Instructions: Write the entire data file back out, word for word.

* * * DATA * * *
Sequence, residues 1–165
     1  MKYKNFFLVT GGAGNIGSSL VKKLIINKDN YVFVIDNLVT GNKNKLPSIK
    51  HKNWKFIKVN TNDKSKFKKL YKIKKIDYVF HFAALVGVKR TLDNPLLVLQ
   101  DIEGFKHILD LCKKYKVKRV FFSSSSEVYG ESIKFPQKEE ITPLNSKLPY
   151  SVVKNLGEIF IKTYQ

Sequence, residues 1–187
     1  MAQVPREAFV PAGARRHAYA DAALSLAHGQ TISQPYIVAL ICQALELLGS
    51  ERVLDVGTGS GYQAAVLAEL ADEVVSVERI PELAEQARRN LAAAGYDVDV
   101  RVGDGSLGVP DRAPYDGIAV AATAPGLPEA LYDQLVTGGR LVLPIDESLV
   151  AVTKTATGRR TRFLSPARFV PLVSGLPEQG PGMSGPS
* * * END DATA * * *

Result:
Sequence, residues 1–165
     1  MKYKNFFLVT GGAGNIGSSL VKKLIINKDN YVFVIDNLVT GNKNKLPSIK
    51  HKNWKFIKVN TNDKSKFKKL YKIKKIDYVF HFAALVGVKR TLDNPLLVLQ
   101  DIEGFKHILD LCKKYKVKRV FFSSSSEVYG ESIKFPQKEE ITPLNSKLPY
   151  SVVKNLGEIF IKTYQ

Sequence, residues 1–187
     1  MAQVPREAFV PAGARRHAYA DAALSLAHGQ TISQPYIVAL ICQALELLGS
    51  ERVLDVGTGS GYQAAVLAEL ADEVVSVERI PELAEQARRN LAAAGYDVDV
   101  RVGDGSLGVP DRAPYDGIAV AATAPGLPEA LYDQLVTGGR LVLPIDESLV
   151  AVTKTATGRR TRFLSPARFV PLVSGLPEQG PGMSGPS